If you have neither rubbing alcohol nor jewel weed, you can use a cold compress and blower on the affected area to cool it down. This cooling process helps prevent blisters and oozing and speeds up the healing process.
Other remedies that are worth a try include plantain leaf, fresh Aloe Vera split leaves, cucumber slices and calamine lotion.
To prevent scratching, biting, licking or rubbing of affected areas you may wish to put an Elizabethan collar on your dog. This will protect areas affected by poison ivy.
If your dog’s reaction seems severe or doesn’t seem to be “normal”, you should contact your veterinarian.
Can dogs get poison ivy? Prevention is critical
The remedy to reactions from poison ivy is not actually a cure. As with everything the key is prevention. Learning what poison ivy looks like (and other poisonous plants) and making sure your dog avoids it at all cost is the best thing you and your dog can do.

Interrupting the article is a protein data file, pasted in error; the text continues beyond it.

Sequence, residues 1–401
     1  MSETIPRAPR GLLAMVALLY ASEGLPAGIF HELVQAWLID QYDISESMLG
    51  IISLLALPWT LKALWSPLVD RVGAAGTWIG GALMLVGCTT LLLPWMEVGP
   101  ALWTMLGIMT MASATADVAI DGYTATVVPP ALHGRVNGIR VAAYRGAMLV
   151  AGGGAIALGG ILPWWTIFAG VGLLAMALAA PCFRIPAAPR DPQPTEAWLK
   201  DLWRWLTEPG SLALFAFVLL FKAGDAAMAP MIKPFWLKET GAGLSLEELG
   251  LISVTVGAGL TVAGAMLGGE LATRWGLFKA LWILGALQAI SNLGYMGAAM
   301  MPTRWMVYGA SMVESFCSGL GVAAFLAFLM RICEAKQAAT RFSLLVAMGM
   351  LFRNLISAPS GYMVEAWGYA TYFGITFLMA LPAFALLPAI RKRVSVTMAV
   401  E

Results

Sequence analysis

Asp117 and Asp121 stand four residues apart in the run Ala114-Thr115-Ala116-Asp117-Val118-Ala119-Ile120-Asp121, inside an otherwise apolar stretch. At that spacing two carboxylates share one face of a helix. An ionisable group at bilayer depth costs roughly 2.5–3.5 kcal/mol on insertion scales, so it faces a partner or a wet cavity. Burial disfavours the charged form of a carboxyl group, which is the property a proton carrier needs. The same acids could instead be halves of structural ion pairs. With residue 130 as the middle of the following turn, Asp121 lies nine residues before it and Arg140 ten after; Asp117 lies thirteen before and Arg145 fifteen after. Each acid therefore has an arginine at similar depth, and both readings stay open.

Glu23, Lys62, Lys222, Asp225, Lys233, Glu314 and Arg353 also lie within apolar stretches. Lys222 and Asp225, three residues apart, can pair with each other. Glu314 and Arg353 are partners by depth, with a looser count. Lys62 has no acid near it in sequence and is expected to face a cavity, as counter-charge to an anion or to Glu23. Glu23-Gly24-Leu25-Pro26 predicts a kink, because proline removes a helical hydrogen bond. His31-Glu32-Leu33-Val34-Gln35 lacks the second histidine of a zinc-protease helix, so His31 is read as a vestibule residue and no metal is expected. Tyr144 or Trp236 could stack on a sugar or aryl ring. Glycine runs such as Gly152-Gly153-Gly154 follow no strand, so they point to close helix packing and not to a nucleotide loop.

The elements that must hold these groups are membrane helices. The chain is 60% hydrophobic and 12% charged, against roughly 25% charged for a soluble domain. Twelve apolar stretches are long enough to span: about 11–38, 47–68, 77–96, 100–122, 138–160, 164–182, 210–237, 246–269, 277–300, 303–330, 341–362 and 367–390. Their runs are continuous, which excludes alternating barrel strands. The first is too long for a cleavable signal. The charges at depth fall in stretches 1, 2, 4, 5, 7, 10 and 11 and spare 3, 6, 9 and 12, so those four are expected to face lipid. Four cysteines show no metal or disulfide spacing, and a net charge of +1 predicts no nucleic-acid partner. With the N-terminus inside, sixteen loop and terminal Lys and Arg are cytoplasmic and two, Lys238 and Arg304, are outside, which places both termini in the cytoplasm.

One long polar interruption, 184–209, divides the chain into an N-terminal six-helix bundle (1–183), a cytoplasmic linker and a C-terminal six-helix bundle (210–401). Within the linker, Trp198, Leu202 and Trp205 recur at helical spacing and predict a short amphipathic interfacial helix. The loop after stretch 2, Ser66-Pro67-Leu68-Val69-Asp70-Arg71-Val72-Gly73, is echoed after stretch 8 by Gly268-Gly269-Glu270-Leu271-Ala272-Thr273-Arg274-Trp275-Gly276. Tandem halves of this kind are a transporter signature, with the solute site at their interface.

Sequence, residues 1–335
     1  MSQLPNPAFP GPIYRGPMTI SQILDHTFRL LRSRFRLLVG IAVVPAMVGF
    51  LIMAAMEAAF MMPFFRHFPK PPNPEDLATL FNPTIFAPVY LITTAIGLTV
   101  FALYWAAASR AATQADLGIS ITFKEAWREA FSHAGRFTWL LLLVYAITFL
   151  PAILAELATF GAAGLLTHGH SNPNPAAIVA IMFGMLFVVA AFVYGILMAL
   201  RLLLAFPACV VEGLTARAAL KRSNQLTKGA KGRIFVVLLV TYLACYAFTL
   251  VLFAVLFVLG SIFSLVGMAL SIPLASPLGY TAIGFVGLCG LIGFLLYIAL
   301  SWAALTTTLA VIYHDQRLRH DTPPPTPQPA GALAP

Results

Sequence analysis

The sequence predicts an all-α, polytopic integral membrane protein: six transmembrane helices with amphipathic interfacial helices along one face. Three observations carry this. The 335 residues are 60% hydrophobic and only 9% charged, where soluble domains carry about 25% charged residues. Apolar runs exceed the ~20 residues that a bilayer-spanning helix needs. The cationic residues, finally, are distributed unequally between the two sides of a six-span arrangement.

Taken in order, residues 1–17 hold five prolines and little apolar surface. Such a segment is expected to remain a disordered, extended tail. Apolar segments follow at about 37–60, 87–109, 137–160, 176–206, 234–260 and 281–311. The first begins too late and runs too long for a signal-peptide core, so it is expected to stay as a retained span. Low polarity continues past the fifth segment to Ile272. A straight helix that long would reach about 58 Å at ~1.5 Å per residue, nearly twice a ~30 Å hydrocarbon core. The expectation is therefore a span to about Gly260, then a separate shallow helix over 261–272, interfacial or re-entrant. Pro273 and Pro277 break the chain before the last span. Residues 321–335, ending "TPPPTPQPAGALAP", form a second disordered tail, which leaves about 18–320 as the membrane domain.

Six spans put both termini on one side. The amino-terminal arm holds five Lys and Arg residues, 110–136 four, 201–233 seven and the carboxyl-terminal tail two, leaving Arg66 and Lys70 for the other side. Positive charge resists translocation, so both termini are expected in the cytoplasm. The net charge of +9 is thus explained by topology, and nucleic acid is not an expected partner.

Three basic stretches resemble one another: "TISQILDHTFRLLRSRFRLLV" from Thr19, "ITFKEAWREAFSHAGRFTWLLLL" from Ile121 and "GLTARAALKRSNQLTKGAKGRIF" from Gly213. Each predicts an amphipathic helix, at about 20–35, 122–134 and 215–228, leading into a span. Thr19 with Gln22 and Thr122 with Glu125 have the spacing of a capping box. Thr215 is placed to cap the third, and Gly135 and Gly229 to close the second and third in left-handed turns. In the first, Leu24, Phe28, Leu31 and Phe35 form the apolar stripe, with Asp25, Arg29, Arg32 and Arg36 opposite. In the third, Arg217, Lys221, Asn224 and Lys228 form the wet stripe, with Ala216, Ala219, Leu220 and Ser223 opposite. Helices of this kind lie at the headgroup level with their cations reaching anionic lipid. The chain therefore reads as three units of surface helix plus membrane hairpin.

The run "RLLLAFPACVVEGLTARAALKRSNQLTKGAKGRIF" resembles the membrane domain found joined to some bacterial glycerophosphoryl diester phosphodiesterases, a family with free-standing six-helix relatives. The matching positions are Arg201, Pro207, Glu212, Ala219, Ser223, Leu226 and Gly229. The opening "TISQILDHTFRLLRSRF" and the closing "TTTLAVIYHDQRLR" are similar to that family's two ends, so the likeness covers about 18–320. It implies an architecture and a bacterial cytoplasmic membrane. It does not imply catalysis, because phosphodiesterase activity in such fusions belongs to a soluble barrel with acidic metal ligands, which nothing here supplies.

Try to keep your dog on his leash as much as possible in places where you might find poison ivy. This is not always possible, your dog needs to exercise band let loose but you must control where he goes. Be careful though and keep an eye out for where your dog is sniffing and roaming.
Even if some so-called experts claim that dogs are not susceptible to this plant, the consequences of touching or even worse, ingesting poison ivy can actually be pretty bad. Even a dog with a thick, long coat can get poisoned either by ingestion or by rubbing parts of his body against the plant.
Make sure you know the areas where this plant grows and keep your dog safe by avoiding them. There are so many other fun places you can bring your dog to!